Tarn-et-Garonne is one of the 8 departments that compose the Midi-Pyrénées region. It has borders with the departments of Lot and Aveyron (north), Tarn (west), Haute-Garonne and Gers (south) and Lot-et-Garonne and Dordogne (east). A particularity of this department is that it was created in 1808 by Napoleon 1 during the First French Empire - ie 18 years after the other ones - from parts of the neighbouring departments. Located at the heart of the south-eastern part of France. Tarn et Garonne has many assets - to quote but a few: a pleasant climate, an unspoilt nature, a great cultural heritage, an interesting history and welcoming locals.
Set in the heart of Gascony, the Tarn et Garonne department has traditionally been a hat-manufacting area. Boaters are still made here, particularly in a village called Septfonds. The department’s prefecture is Montauban - the subprefecture being Castelsarrasin. Tarn et Garonne is composed of 30 cantons and 195 towns and villages. In 2006, its population was of almost 223,000 inhabitants. Tarn et Garonne’s hills lead up to the Pyrenees mountains, the snow-covered peaks can be seen in the distance when the weather is good. Another charming feature of the department is the plenty of historical monuments dating back to the Middle Ages: bastides, churches, ramparts, castles, abbeys, etc.
With an average price of €1,723 / square metre for a property to buy in 2009, Tarn et Garonne is amidst the cheapest French departments in terms of house prices. As far as rent is concerned, a square metre there cost €8.36 / month.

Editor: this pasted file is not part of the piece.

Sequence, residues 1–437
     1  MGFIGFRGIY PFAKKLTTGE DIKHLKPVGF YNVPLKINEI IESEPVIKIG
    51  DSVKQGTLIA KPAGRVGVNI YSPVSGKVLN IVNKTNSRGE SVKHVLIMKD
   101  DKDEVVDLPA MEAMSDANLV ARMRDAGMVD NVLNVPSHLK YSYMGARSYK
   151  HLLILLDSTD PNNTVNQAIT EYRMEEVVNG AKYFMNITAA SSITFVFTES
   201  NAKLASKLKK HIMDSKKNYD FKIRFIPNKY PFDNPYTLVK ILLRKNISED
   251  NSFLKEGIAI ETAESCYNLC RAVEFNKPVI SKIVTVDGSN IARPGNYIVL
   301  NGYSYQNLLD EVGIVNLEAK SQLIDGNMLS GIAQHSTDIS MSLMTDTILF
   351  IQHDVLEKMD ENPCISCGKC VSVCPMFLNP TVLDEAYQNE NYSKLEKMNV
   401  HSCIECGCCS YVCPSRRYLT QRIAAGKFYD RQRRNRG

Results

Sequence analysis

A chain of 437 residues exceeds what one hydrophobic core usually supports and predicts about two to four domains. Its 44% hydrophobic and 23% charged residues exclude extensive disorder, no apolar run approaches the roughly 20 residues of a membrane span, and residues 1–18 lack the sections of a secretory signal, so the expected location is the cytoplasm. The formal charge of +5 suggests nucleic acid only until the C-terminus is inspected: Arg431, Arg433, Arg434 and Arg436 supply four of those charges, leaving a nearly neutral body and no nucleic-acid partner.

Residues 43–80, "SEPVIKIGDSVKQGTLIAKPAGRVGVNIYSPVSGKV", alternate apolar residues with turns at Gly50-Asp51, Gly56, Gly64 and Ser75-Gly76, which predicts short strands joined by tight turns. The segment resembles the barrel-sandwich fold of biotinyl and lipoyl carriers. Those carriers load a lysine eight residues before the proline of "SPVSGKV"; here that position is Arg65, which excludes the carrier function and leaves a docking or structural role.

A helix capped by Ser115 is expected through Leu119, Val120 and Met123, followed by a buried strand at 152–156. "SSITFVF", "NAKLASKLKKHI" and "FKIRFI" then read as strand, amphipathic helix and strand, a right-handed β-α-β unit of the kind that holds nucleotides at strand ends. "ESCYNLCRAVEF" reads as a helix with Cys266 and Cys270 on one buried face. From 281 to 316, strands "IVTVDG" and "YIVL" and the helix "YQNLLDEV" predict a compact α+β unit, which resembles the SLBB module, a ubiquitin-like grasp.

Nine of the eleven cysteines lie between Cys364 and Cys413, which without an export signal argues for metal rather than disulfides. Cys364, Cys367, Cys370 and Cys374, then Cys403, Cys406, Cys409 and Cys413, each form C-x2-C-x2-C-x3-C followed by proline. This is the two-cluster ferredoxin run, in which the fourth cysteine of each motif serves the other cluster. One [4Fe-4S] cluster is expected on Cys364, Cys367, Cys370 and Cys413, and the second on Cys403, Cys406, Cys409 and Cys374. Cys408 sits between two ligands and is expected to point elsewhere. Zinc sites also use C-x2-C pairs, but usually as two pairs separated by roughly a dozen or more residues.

House prices are relatively stable and affordable in the Tarn et Garonne department. They were very similar to the national average but they recently began to soar: they were in February 2008 €15,000 higher than the national property prices.
It costs now about €165,300 for a house to buy in this area of France, which is pretty cheap if we compare it with house prices of other French departments. Apartments’ prices were pretty close to the national average - with some fluctuations of course - until 2007.
Since this year, property prices for apartments have been decreasing, leading to an average price of €1,420 / square metre in October 2008. It is about €300 / square metre below the national average.
In 2008, more than 80% of Tarn et Garonne properties were detached. Regarding holiday homes, we can notice that about 87% of people in the department own their main home - second homes being only 6% of the total of properties.
To get updated info about housing prices in the Lozère departement, please browse our French Property Market Reports published in the News Section every month.